Jehovah is king, as he himself declares: “I am Jehovah, your Holy One, the Creator of Israel, your King” (Is. 43:15). But Jehovah is the king of other barbarous nations, too, for we read in the Psalms: “God reigns over the nations. God sits on his holy throne” (Ps. 47:8). Jehovah is a handsome king. Isaiah says: “Your eyes will see the king in his beauty” (Is. 33:17). The same Isaiah prophesied that Jesus would be unsightly: “Like as many were astonished at you (his appearance was marred more than any man, and his form more than the sons of men)” (Is. 52:14). “For he grew up before him as a tender plant, and as a root out of dry ground. He has no form nor comeliness. When we see him, there is no beauty that we should desire him” (Is. 53:2). As to physical beauty, Jehovah and Jesus are different. But Jehovah is an eternal king (Ps. 10:16). Jeremiah says: “But Jehovah is the true God; he is the living God, and an everlasting King: at his wrath the earth trembles, and the nations are not able to withstand his indignation” (Jer. 10:10). Jehovah rule sovereign over everything and everyone: “Jehovah has established his throne in the heavens. His kingdom rules over all” (Ps. 103:19). The text of Jeremiah 10:10, above, brings out that Jehovah is king eternal, with fury and indignation, and this makes the nations tremble. This text of Jeremiah is out of tune with the New Testament, which reveals the Father of love, who caused the heavens to pour grace, forgiveness for all, reconciliation, peace, abundant life, rejoicing, and victory over sin and darkness. It poured the Holy Spirit in our hearts, and through the Holy Spirit we are flooded with love (Rom. 5:5; Eph. 3:14-21).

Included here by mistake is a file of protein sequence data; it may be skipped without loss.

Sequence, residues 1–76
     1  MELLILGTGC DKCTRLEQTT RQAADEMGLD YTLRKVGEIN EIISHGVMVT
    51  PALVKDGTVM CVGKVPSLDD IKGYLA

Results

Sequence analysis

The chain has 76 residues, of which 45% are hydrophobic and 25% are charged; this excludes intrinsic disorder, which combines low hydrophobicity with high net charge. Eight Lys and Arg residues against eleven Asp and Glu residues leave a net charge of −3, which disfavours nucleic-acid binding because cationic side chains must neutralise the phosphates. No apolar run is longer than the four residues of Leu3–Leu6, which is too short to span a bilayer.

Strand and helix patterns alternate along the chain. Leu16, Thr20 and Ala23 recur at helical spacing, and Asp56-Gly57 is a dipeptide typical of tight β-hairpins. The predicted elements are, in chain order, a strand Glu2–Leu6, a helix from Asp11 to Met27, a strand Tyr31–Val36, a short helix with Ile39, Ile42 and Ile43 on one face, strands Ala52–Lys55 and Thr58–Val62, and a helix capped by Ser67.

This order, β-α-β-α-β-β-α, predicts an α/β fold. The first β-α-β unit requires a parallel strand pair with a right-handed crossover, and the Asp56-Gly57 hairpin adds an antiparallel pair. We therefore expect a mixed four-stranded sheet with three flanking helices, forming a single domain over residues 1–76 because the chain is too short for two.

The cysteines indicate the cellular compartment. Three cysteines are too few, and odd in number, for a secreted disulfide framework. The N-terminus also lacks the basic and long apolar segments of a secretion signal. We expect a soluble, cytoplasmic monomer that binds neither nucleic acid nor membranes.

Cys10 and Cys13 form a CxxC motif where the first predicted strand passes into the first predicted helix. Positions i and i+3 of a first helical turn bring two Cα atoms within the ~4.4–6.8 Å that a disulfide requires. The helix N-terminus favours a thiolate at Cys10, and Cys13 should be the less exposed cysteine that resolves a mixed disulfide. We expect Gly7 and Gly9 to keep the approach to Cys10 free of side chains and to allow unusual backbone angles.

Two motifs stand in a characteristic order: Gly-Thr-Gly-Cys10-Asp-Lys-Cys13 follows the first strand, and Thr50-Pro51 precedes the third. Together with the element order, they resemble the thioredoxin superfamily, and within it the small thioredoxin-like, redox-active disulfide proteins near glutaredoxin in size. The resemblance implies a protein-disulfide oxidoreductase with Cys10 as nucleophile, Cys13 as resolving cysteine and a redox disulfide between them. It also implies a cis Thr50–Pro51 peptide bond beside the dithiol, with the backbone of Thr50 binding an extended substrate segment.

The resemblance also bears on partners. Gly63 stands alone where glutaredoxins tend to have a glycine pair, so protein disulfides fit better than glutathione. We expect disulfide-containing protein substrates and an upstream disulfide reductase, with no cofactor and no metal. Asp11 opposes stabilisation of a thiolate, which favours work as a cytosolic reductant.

Jehovah, the king eternal, declares that his name is Holy (Is. 57:15). And Jehovah values holiness so much that, when he makes a great promise, which cannot be changed or altered, he says: “I will not break my covenant, nor alter what my lips have uttered. Once have I sworn by my holiness, I will not lie to David. His seed will endure forever, his throne like the sun before me. It will be established forever like the moon, the faithful witness in the sky” (Ps. 89:34-37). Let us see if Jehovah has fulfilled his promise to David: